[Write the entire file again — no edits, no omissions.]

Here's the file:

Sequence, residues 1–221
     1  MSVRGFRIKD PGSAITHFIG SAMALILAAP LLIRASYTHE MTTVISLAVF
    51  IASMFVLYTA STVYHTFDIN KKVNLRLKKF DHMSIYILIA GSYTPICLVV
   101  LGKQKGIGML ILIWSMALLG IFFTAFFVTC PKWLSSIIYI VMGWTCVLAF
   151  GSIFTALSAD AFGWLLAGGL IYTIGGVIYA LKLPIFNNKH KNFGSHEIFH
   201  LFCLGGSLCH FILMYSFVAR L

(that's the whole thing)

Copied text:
Sequence, residues 1–221
     1  MSVRGFRIKD PGSAITHFIG SAMALILAAP LLIRASYTHE MTTVISLAVF
    51  IASMFVLYTA STVYHTFDIN KKVNLRLKKF DHMSIYILIA GSYTPICLVV
   101  LGKQKGIGML ILIWSMALLG IFFTAFFVTC PKWLSSIIYI VMGWTCVLAF
   151  GSIFTALSAD AFGWLLAGGL IYTIGGVIYA LKLPIFNNKH KNFGSHEIFH
   201  LFCLGGSLCH FILMYSFVAR L